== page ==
17 July 2019
"Looking back now, I should've called it out earlier." Julia Gillard talks to top Australian female politician about misogyny in politics
Julia Gillard talks to the former Deputy Leader of the Australian Labor Party, Tanya Plibersek, about women in politics and why Tanya decided against standing as party leader.
Former Australian Prime Minister Julia Gillard talks to politician and former Deputy Leader of the Australian Labor Party, Tanya Plibersek, in the third episode of her new podcast series with the Global Institute for Women’s Leadership at King’s College London.
Pilbersek is a prominent figure in Australian politics, as a former cabinet minister and then Deputy Leader of the Labor Party in opposition from 2013 to 2019. After the party suffered an unexpected defeat in the general elections in May, Plibersek was tipped to stand as Party leader, but declined due to family commitments.
The discussion between Gillard and Plibersek centres around misogyny and sexism in politics, including how the adversarial nature of politics can undermine women leaders and how the abuse and harassment of women politicians online puts other women off entering public office. On social media, Tanya comments:
“There is just so much poison in social media. We have polarised debate so much today that a lot of people of good will think, ‘I don’t want to spend my life being the subject of such awful personal commentary.’”
The two also discuss how Plibersek juggles her high-pressure job with looking after her three children, touching on her decision to not stand as leader of the Labor Party:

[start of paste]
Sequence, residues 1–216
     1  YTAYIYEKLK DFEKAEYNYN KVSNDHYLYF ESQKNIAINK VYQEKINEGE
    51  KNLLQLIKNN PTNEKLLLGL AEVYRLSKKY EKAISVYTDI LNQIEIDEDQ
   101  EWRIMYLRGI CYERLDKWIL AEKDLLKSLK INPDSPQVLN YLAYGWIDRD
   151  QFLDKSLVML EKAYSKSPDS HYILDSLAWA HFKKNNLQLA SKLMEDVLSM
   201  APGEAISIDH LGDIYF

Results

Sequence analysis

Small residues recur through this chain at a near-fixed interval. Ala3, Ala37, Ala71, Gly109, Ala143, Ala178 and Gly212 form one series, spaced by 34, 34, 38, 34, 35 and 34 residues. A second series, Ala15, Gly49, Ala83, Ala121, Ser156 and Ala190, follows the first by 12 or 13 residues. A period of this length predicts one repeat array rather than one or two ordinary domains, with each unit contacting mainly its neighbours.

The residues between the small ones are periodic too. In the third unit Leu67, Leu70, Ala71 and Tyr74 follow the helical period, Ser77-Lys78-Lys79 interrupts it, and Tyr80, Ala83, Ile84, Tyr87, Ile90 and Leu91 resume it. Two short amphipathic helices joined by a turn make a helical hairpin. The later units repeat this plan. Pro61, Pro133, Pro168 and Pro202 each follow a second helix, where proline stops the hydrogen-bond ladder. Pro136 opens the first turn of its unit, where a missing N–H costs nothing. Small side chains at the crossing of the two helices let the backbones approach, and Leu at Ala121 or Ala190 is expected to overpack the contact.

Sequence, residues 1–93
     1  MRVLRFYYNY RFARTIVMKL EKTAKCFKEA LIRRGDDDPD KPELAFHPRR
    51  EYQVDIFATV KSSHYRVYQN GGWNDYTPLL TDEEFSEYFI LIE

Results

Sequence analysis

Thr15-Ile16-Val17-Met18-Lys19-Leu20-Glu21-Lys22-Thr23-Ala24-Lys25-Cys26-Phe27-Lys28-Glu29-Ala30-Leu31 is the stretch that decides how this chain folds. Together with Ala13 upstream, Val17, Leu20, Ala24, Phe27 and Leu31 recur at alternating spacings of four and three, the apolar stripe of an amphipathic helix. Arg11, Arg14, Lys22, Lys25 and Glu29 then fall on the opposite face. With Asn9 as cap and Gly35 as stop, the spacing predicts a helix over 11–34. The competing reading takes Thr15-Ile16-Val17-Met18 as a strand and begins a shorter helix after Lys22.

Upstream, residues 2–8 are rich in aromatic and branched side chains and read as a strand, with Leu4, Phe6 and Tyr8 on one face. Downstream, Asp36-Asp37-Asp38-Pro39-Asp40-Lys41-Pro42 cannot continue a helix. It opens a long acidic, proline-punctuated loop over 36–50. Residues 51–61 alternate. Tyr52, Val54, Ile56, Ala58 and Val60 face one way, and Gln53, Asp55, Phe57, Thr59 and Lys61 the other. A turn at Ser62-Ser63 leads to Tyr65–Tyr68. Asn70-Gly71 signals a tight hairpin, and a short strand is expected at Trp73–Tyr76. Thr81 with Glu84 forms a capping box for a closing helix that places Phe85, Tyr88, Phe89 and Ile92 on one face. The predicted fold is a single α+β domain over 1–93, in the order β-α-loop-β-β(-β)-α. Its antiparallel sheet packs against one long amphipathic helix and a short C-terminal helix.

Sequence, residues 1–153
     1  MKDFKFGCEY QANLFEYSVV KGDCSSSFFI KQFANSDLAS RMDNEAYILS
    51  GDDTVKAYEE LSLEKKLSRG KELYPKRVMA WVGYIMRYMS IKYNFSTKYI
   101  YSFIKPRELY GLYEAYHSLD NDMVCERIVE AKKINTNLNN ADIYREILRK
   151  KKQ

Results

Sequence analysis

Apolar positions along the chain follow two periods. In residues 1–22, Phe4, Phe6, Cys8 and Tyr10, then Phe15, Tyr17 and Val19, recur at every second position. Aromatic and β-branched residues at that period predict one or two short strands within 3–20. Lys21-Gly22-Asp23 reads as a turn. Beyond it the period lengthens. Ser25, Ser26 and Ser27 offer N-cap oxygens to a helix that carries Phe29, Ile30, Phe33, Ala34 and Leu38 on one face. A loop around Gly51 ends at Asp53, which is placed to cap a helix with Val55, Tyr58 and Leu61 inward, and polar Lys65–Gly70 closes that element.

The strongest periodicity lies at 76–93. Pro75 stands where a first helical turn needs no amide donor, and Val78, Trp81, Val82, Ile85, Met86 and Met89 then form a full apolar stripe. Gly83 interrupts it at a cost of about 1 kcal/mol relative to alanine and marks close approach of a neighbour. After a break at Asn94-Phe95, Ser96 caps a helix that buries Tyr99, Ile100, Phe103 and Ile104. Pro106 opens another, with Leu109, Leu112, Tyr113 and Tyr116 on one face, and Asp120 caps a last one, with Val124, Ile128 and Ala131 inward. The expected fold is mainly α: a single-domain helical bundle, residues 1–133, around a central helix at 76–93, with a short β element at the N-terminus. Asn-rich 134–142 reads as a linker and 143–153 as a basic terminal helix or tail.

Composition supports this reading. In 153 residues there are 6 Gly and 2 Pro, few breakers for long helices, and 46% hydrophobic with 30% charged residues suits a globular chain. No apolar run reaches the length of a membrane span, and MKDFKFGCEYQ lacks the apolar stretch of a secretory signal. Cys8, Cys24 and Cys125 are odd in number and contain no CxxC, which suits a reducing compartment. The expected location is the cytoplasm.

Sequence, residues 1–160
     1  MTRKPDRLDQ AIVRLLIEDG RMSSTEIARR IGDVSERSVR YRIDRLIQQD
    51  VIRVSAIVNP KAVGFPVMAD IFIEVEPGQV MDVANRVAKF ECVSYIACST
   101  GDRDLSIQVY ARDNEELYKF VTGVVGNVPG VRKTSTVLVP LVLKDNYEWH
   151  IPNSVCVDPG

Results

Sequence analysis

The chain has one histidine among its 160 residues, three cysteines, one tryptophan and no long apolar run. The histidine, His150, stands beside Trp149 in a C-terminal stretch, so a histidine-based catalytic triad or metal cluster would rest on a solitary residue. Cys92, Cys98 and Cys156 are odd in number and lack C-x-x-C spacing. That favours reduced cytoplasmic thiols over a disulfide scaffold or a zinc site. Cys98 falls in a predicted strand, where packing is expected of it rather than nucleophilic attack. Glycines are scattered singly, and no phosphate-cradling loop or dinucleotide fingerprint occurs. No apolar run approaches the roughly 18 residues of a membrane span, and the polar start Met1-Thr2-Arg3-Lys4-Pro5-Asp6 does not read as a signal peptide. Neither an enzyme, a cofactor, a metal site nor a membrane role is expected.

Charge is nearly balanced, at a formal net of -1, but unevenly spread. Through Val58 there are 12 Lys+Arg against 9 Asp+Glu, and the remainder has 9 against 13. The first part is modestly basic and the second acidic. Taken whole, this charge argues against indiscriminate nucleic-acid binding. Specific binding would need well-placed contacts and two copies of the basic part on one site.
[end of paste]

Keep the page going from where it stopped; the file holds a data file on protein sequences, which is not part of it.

“It wouldn’t have been right for our family at that time…I had people writing columns or sending me emails saying ‘I’ll resign from my job’, ‘I’ll come and look after your kids’…I so value the trust and faith people put in me. But I do have to think about my other responsibilities.”
This gets to the heart of one of the biggest challenges women political leaders often face – the double standards to which they are held concerning their decision about whether to have a family:
“You really can’t win, because if you’ve got no kids you get criticised for not understanding what families are going through; if you’ve got them you get criticised for neglecting them. There’s basically no right answer.”
Plibersek concludes that women should ignore the commentary and make up their own decisions: “You have to do the best that you can do for you family.”
You can find this episode of A Podcast of One’s Own with Julia Gillard on all the main podcast hosting platforms. Subsequent episodes will be released regularly and will feature women leaders from the worlds of business, media, entertainment, activism and other fields.